According to Gautam Chhugani, director for India financials and emerging fintech at Sanford C. Bernstein, mobile banking apps help in digital cross-selling, and reduce branch and phone interactions, helping save costs for the bank.
“Banks in India seem to be borrowing the AliPay and WeChat model. It is hard to see them as open market fintech products with network effects since it is not really possible to build an app separate from the bank and monetise it. However, pursuing an open market strategy with YONO, on the technology side, could be interesting if SBI can extend its capability to other state-owned banks and smaller rural banks,” he said.
Other Banks Also Building Super Apps
While SBI leads with YONO, other lenders like Kotak Mahindra Bank Ltd., ICICI Bank Ltd., RBL Bank Ltd. and state-run banks have also integrated payments, lending, account opening and shopping features in their respective apps.
Deepak Sharma, president and chief digital officer at Kotak Mahindra Bank, said the bigger the role a bank can play in a customers’ shopping experience, the bigger the opportunity to provide more financial services on top.
Kotak Mahindra Bank launched ‘KayMall’ a few years ago, on its app, to enable frictionless payments for high-frequency transaction categories like e-commerce, travel, hotels and groceries. The other use case was to integrate lending options, enabled through the app, directly at various customer touchpoints, he said.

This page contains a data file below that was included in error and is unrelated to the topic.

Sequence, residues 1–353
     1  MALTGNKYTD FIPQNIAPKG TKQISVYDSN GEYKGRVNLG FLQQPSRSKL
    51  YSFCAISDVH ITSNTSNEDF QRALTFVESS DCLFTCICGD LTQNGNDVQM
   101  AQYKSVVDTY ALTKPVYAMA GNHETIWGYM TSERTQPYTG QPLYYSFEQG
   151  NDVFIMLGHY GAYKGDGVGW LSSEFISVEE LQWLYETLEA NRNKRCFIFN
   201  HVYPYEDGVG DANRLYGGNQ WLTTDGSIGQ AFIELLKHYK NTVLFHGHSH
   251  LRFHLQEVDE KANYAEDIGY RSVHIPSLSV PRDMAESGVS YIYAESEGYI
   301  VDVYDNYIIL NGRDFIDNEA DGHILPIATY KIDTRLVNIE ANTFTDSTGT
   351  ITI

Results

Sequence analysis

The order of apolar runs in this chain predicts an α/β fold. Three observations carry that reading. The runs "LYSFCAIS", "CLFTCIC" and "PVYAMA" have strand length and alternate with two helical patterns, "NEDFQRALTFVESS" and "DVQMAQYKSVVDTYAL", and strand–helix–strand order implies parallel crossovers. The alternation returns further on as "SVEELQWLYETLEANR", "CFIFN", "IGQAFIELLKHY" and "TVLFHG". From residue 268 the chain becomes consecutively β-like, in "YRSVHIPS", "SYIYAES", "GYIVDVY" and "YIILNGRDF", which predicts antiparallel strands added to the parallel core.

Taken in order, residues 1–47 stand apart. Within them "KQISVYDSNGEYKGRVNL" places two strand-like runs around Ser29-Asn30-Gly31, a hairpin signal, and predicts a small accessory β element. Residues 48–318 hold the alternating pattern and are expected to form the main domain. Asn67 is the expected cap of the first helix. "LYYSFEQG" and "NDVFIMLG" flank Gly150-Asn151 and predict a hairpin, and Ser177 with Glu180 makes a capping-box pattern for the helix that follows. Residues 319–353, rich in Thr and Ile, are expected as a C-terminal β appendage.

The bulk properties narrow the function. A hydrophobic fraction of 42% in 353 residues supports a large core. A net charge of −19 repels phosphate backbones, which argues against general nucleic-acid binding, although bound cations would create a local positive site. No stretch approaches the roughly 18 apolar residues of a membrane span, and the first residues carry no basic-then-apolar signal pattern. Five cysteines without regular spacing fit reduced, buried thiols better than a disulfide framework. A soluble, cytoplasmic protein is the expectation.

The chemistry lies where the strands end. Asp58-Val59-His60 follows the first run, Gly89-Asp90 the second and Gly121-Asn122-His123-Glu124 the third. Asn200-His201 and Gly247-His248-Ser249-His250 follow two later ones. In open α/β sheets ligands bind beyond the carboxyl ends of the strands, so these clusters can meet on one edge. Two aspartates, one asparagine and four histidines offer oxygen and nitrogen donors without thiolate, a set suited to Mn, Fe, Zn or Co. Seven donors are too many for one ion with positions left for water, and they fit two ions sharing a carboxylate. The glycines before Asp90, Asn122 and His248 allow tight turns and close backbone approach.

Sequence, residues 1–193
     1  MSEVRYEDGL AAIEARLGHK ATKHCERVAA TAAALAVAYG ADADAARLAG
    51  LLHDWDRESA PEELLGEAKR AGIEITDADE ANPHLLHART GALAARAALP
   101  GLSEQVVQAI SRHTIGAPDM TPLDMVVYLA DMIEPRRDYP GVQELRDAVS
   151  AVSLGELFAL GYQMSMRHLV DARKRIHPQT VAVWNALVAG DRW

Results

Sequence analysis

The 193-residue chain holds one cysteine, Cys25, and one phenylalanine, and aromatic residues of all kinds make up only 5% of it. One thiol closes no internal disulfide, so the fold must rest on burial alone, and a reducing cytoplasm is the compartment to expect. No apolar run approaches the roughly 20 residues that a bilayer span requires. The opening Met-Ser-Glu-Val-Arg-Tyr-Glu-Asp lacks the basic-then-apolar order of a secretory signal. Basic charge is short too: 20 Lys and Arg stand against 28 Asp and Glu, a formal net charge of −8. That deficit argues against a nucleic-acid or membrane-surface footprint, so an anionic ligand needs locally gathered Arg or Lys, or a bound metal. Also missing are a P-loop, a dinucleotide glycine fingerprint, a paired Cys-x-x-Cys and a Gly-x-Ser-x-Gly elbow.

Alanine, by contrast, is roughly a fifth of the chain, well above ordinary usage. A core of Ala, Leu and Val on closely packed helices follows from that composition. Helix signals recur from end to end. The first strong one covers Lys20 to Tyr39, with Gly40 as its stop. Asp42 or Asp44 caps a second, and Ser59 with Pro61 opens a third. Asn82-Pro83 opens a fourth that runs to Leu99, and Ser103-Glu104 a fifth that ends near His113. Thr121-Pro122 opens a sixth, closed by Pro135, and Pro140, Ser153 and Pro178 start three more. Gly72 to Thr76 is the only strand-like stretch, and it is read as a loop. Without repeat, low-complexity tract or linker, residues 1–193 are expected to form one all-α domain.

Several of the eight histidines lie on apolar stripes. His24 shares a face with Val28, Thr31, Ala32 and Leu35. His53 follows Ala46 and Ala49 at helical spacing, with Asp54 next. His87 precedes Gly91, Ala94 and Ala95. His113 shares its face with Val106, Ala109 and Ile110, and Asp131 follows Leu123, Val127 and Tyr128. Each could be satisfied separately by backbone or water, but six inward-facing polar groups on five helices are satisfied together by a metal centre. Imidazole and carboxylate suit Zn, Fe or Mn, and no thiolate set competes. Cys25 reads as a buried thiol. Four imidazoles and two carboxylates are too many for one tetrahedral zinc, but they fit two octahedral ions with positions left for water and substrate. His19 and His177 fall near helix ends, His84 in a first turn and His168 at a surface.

It is not about bringing profits and margins through this channel but providing customers a convenient way to manage their money. And with analytics we can pass on merchant benefits directly to customers, offer affordable EMI offers and cross-sell other financial products. It is about finding out how to be more relevant in a customer’s life and deepening the relationship.Deepak Sharma, Chief Digital Officer, Kotak Mahindra Bank
By overlaying many services, integrating merchant services and shopping with the app, customers can complete the transaction journey and payment checkouts without the hassle of entering personal and payment details, said Bijith Bhaskar, head of digital banking, partnerships and e-commerce at ICICI Bank.
“We have seen encouraging customer engagement on these services as it offers immense convenience to our customers as they get a speedy and personalised banking experience,” he said.
HDFC Bank and Axis Bank representatives were not available for comment.
According to Ankur Joshi, co-founder and chief executive officer of Nuclei, a bank technology provider, customers are using these apps not just for their banking needs but also to access non-financial services. “The funnel conversions, or the rate at which customers execute a shopping transaction on bank apps, is the same as for third-party websites. Which, in the case of flight tickets, for instance, stands at around 1.2-1.4%,” he said.
Banks are building their applications in order to push greater engagement and tie down the customer to their application for a universe of products and services, Bernstein’s Chhugani said.